Fortnite: Battle Royale Beginner’s Guide – 13 Tips And Tricks

Though you might be familiar with other games in the battle royale genre–games that tend to stick one player (or a small team) on a map where they fight against others to be the last one standing–Fortnite: Battle Royale is a little different. The game takes the basic premise of the genre and adds its own twist that changes everything: You can instantly construct stuff like walls and stairs, allowing you to build fortifications to protect yourself and create your own tactical advantages.

Fortnite drops you onto an island with 99 other players, and the last player (or team) left alive wins. Though it’s similar to games like PlayerUnknown’s Battlegrounds, plenty of small differences make Fortnite into a very distinct experience. Knowing what to carry, when to shoot, and what to build are essential if you’re going to be the last person alive on the island.

You won’t find a tutorial in Fortnite Battle Royale, so when you drop onto its island, all you have are your wits and whatever you can find along the way. Here’s everything you need to know to get a strong start–and maybe survive long enough to find yourself a minigun.

And if you’re already a Fornite: Battle Royale veteran, check out our advanced tips guide, as well as our guide covering all the things that we wish we knew before playing the game. You can also watch our video guide on how to build more effectively.

Fortnite: Battle Royale is available as a free download for PlayStation 4, Xbox One. The mode supports up to 100 players competing to be the last person (or team) standing as they hunt other players and avoid being killed themselves. For the differences between Fortnite: Battle Royale and PlayerUnknown’s Battlegrounds, check out our in-depth feature discussing the two games and what sets them apart from one another. You can also check out more details on Fortnite’s recently released Crossbow update.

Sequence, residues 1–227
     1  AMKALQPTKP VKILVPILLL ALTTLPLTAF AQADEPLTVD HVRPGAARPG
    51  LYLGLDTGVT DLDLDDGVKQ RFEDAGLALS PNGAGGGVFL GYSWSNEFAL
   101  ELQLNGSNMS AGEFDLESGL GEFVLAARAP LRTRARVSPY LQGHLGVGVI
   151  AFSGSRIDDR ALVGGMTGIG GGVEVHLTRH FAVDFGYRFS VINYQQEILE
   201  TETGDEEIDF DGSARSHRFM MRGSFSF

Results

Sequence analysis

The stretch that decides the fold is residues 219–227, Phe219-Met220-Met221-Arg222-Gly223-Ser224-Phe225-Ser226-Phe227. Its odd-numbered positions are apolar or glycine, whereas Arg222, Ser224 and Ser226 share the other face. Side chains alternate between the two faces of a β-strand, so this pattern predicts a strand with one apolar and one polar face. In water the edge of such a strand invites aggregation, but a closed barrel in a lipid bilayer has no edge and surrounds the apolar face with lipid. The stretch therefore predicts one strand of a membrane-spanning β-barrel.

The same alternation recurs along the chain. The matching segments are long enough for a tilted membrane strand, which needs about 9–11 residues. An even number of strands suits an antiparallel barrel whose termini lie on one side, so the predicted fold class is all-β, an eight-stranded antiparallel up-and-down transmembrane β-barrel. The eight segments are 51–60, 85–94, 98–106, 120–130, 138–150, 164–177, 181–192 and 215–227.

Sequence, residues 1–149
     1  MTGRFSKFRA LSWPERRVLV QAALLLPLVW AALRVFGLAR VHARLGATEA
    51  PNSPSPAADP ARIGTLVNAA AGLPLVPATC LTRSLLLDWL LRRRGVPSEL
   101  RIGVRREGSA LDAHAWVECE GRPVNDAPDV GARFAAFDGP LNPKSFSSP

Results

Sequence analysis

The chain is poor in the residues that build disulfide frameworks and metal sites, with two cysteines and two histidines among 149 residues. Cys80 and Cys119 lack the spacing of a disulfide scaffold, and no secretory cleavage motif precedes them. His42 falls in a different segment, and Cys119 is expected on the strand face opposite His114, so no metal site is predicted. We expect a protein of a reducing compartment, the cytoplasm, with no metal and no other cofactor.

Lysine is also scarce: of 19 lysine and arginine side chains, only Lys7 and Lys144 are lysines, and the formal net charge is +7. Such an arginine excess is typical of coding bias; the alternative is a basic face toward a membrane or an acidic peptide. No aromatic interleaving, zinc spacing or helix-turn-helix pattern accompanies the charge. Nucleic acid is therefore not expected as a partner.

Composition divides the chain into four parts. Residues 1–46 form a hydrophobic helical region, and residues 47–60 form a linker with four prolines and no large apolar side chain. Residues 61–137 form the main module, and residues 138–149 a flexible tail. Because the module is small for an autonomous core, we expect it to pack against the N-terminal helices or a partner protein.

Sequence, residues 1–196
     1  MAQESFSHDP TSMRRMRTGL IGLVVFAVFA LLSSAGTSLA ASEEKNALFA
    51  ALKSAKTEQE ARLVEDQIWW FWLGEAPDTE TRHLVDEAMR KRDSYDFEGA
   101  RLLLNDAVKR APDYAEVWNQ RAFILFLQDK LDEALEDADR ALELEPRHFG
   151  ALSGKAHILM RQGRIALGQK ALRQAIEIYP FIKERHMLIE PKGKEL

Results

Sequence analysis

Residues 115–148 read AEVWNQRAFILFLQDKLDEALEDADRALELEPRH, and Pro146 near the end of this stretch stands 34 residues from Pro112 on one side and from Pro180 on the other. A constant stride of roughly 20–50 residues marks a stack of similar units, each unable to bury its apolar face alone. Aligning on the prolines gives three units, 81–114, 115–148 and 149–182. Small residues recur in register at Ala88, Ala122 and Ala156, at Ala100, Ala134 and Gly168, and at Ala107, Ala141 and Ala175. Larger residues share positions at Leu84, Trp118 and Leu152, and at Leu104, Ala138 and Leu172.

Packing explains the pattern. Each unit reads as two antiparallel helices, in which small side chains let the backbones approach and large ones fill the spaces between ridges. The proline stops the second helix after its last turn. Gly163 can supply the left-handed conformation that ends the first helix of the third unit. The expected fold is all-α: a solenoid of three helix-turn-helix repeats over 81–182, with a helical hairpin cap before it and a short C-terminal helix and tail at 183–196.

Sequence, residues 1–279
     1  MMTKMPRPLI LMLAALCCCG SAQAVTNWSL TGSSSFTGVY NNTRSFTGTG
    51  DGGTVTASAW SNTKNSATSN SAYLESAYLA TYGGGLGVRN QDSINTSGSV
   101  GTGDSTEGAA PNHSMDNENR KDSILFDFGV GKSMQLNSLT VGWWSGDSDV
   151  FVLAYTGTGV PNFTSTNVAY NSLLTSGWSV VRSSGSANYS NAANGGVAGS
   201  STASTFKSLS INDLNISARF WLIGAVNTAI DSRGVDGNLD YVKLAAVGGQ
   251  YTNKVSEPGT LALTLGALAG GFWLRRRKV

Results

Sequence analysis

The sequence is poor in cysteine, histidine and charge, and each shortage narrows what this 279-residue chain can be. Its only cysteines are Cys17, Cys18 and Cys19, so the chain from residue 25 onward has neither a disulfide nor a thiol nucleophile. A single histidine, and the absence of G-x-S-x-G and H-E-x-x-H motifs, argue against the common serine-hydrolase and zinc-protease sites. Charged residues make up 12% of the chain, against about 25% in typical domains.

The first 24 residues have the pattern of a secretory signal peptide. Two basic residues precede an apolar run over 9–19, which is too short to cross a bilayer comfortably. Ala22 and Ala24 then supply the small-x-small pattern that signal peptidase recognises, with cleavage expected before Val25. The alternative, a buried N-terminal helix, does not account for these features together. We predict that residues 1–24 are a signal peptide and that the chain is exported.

The Latest Xbox One Update Is Live, Here’s What It Does

Xbox One‘s UI is ever-changing, but the latest update isn’t about a visual makeover. Instead, this update is more about ease of access, making small changes to game hubs, do not disturb and inactivity options, and next achievements.

Game Hubs and Next Achievements have found a new home in the guide in this update. Now instead of leaving your game, having to track it down, and then go to the game hub to find all that extra community content you love, you’ll find your favorite hubs with just a press of the home button.

Next Achievements works in a similar way in terms of ease of access. But, instead of giving you all the information you could possibly want for a game, it’s all about achievement hunting. Not only can it show you which achievements you’re closest to unlocking, the function can also be sorted by common, rare, most common rare, and highest gamerscore.

Stepping away from the guide, muting notifications and power saving just got easier. Do not disturb mode mutes your notifications for as long as you have it on, and lets your pals know it might not be the right time to bombard you with party requests.

This update also added additional inactivity options. Instead of your Xbox turning off after one or six hours of inactivity, you can choose to have it automatically switch off and save you some power after two, three, four, or five hours.

In other Xbox news, February’s Games With Gold titles are available now. Splinter Cell: Conviction is now available as part of Xbox One’s backwards compatibility, and a new Kingdom Hearts III trailer dropped at the D23 Expo.

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Comparing Luke and Rey’s Cave Visions

One of the most dissected scenes in Star Wars: The Last Jedi is Rey’s foray into the cave on Ahch-To. The film, especially on a first viewing, is wrought with tension, and nothing encapsulates this more clearly than Rey’s journey of self-discovery. This metaphor is a consistent trope in film and literature, and often does more to put the spotlight on specific characters than might be at first perceived. Not unlike Luke’s Force vision in The Empire Strikes Back, the cave reveals the truth of what lies beneath the surface of the hero.